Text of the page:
I've seen, and been part of, multiple heated conversations about the meaning of the phrase "static web site" is and what types of things it defines. For any communication I think we need to take as a premise that static HTML and static web sites are not the same category of thing. Any particular page on the web can be totally static or totally dynamic or a mix. There are static HTML pages on static web sites. There are dynamic HTML pages on static web sites. There are static HTML pages on dynamic web sites. And there are dynamic HTML pages on dynamic web sites.
The meaning of static HTML is the least contentious. A static HTML page is just an .html (or .htm, or anything else if the mimetype is set right) hypertext markup langage document that is stored on a file system as a file and sent to the end user when they request the URL that maps to that file. The HTML encodes what the web site user will see and does not change.
The only place where static HTML becomes unclear is in the case where some webserver linked program generates the static HTML on demand with no storage of the HTML as a file on the filesystem before being sent to the site user. In this case even though the user sees only static HTML there's crucially no file ever created on the webserver so it's dynamic HTML.
The meaning of static website is increasingly more unclear compounding on the fuzziness of what a static HTML page is. Generally there are the same two points of view as above but with a tweak.
There's the website users point of view where a static web site is static if the pages are just HTML and do not require executing any code to view. If you (or your browser) look at the source you can read the text and see the image URLs. It does not have to be generated by the browser's execution of some client side code.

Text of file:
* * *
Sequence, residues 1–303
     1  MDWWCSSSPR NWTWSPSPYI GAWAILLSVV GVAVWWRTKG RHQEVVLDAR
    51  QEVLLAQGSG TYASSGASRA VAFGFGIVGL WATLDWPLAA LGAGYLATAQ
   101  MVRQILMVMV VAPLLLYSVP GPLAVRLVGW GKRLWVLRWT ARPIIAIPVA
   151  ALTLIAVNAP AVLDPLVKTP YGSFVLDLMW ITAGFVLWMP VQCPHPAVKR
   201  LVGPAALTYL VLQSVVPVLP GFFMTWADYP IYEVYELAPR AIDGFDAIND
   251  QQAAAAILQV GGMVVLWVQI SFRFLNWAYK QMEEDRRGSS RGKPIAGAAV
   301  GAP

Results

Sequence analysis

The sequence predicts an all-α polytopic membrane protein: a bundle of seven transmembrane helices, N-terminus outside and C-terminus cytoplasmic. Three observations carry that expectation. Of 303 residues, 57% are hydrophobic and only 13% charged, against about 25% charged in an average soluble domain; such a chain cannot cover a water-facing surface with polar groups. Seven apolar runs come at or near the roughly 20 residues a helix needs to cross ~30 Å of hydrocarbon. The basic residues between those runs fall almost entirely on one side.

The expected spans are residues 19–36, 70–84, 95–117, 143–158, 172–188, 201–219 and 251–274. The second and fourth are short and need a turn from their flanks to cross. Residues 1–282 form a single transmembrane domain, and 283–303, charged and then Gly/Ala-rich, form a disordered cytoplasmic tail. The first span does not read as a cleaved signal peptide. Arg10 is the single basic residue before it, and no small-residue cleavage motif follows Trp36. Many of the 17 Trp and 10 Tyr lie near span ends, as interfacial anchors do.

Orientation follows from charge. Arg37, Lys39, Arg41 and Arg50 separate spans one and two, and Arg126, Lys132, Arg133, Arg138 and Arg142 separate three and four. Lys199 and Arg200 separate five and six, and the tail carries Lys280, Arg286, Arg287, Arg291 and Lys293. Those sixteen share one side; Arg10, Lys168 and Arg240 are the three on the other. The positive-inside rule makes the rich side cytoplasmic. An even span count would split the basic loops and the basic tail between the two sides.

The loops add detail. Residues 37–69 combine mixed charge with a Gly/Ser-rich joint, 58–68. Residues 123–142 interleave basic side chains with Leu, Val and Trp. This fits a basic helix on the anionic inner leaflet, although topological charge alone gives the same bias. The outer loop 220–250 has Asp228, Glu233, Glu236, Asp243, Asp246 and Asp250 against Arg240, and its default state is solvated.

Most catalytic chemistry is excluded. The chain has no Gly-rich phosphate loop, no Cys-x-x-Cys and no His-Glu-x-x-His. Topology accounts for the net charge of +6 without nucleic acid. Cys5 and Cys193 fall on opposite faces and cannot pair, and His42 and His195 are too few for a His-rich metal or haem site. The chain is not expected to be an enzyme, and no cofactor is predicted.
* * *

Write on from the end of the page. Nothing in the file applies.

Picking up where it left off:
I have to admit after writing this to clarify my thoughts I'm more confused than ever. The situation in which the end user only sees actual HTML in the browser but that HTML was generated without ever being a file on disk is definitely the case of a static HTML web page from the user POV. But it is also the most extreme case of a dynamic web site and everything bad about dynamic sites. Luckily this is the only exception to the rules that spoils the categorization. Maybe it's like the old saying says re: single exceptions.
This post HTML itself was written in gedit, then concatenated with a bunch of other .html files with a single line of shell and redirected to a file on the file system for the webserver to serve and scripts to process. The rss updates are generated by a single call to a perl script I manually type that scans the file system to generate the .rss file for the webserver to serve. Comments on this post will not be noticed by the webserver. But a perl script that tails the webserver access.log file on the file system will see them and then append the comment on to an existing .html file on disk.
Is this page a static HTML page? Yes. Is my site a static web site? I think so. Others would disagree.
[comment on this post] Append "/@say/your message here" to the URL in the location bar and hit enter.